|October Films; PG-13; 118 minutes|
|Cast:||Glenn Close, Julianne Moore, Liv Tyler, Chris O'Donnell, Charles S. Dutton|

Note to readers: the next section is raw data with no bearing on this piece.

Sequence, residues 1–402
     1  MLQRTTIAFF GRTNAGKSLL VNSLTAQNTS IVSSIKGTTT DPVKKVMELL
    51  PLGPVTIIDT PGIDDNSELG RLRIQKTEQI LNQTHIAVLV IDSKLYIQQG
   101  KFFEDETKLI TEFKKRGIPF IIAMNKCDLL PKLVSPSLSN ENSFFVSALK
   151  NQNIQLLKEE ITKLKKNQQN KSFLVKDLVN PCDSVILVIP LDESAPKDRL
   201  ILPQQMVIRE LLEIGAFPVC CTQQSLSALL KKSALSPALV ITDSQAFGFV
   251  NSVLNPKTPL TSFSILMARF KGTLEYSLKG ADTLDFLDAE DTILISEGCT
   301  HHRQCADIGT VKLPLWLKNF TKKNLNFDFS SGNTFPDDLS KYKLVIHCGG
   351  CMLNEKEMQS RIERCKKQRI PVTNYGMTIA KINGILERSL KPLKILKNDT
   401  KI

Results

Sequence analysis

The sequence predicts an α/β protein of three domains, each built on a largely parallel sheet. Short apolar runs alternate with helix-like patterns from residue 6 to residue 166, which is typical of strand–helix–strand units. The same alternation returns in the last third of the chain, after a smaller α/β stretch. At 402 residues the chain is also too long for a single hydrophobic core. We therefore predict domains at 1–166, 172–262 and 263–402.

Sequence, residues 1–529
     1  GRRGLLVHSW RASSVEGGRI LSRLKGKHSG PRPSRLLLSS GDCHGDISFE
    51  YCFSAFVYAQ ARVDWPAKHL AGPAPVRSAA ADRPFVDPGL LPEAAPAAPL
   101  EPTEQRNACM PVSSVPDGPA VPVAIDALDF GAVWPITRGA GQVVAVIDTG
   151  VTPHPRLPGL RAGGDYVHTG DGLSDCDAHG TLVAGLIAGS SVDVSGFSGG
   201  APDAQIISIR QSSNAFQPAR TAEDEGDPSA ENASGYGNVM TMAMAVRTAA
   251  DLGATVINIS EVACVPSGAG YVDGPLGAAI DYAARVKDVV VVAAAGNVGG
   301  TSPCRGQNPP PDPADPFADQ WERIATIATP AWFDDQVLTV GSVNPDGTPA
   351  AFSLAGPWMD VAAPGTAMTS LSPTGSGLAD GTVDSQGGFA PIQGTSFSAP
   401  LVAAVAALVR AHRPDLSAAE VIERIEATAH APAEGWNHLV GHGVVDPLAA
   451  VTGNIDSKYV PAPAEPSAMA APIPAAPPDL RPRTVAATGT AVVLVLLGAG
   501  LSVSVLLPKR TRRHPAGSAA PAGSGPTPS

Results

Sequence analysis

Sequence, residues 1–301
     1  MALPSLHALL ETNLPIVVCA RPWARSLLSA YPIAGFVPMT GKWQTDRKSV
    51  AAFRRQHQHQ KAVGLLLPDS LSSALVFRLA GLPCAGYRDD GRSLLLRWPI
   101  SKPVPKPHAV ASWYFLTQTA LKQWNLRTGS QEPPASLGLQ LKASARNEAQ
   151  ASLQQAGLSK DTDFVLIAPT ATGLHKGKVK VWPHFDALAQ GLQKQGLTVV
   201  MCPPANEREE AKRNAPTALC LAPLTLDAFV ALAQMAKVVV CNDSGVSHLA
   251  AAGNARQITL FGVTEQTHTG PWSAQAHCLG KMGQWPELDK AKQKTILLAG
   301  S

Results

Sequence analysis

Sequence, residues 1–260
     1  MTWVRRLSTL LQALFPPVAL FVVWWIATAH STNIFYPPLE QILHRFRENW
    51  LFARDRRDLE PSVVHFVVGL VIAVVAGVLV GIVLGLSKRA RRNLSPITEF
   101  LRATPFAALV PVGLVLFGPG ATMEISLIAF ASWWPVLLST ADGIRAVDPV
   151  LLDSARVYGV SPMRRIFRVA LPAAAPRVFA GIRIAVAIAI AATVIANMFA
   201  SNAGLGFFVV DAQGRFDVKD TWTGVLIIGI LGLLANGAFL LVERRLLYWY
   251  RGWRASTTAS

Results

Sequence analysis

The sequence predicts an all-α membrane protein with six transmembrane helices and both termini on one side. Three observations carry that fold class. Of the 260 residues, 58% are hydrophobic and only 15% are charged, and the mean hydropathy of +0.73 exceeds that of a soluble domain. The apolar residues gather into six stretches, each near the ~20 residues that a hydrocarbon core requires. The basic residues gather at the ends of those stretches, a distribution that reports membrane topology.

Robert Altman's latest lacks the depth of his finest work but doesn't stray too far from the target. Cookie's Fortune examines the languid town of Holly Springs, Mississippi, although the movie suffers from a Southern drowsiness. Genteel Jewel Orcutt (Patricia Neal) has a live-in black 'handyman' named Willis (Charles S. Dutton). One day she kills herself, leaving behind a bourgeois niece Camille (Glenn Close) determined to hide the suicide from the public's eye by framing Willis. Unfortunately, this film has no interest in looking seriously at race relations in the South or deep-seated family secrets — Altman instead spools into a comedy-melodrama without driving force. For example, the entire town is convinced of Willis' innocence; his jail cell isn't locked. Altman has assembled a fine cast, and his social scope is better than most, but in the end Cookie's Fortune tastes a bit stale.